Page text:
"T.J. McDonald is a guy who we've seen really grow in the last two years," said Huffman. "He's got the size and speed college coaches covet in a safety, and he has improved in every facet of the game, especially in coverage. He's built like a linebacker, but runs like a safety. The comparisons to Taylor Mays are valid, and McDonald could be next in line at USC at safety. He's got great bloodlines; his dad, Tim, is a former All-American with the Trojans and an All-Pro with the 49ers and Cardinals. Everything he's done this last year has shown that he's got a chance to have a great career. From seeing him at our Scout Combine in Los Angeles as a sophomore through his stellar senior year, he continues to mature into an elite talent."
For Midland Recruiting Manager Baron Flenory Jr., two players stood out after the all-star games. Alex Okafor, a defensive end from Pflugerville, Texas, will be bringing his savage skills to the Longhorns.
"Okafor deserved his jump in the ranking as much as anyone in the nation; if not more," Flenory said.
"After a dominating senior season, Okafor carried his dominance to the main stage in the U.S. Army All-American Bowl. The increase in competition did not slow Okafor down a bit. First of all, he has the body you look for in an elite DE. He is long and holds good weight. When you pair that up with an explosive first stage and a relentless motor, you get a guy that is extremely hard to block coming off the edge, and that is Okafor. At the U.S. Army All-American Bowl, people raved about his ability to blow by players the caliber of D.J. Fluker and Garret Porter. He is a menace in the oppositions backfield."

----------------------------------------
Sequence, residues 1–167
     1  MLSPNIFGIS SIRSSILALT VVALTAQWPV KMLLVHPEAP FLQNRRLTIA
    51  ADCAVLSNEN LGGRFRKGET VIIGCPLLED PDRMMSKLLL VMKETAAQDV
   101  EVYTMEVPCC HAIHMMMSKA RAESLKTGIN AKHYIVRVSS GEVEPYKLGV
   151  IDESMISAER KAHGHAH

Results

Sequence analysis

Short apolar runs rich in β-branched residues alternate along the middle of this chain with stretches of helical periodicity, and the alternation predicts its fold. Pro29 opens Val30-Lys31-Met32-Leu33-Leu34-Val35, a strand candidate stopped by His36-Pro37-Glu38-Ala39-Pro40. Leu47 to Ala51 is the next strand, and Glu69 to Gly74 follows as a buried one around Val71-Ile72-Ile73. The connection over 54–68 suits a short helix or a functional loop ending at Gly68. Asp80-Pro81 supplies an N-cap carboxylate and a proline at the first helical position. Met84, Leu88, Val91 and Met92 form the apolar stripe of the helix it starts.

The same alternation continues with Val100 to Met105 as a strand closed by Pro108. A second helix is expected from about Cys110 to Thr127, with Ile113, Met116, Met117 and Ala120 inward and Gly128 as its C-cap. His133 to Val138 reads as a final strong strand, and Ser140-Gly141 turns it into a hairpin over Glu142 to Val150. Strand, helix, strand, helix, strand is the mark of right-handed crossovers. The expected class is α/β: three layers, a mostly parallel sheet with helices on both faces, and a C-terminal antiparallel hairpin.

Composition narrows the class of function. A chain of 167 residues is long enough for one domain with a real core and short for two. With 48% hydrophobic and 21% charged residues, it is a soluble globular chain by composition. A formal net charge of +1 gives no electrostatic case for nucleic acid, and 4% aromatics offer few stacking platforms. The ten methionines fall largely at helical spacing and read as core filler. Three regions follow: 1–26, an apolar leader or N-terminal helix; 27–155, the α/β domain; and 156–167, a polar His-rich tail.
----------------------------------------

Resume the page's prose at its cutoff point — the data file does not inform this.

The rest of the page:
On the offensive side, Flenory raved about running back Christine Michael, a 5-foot-11 machine from Beaumont, Texas. Michael will be darting away from Okafor as a commit to Texas A&M.
"Christine Michael is an explosive back that hits the hole at full speed," Flenory said. "To be as fast and explosive as he is, you would expect him to he a perimeter guy however, he is just as good between the tackles as he is on the perimeter. He is excellent once he reaches the second level, where he shows the the ability to not only make a defender miss in the hole but, with his shake and sudden cutback ability, he can make a defender completely whiff.
"With that said, he can also lower his shoulders to break tackles and pick up the grind it out yards. At a U.S. Army Bowl practice, he went head on with USC commit Patrick Hall and literally ran over him, putting Hall flat on his back with no chance of tackling Michael. He also displays solid hands out of the backfield. Michael is a complete back."
The Class of 2009 is particularly deep on the defensive line with 13 earning a five-Star rating or better with end Donte Moss and tackle Jacobbi McDaniel leading the way. The defensive back class is also deep including eight five-star athletes, headlined by safety Craig Loston.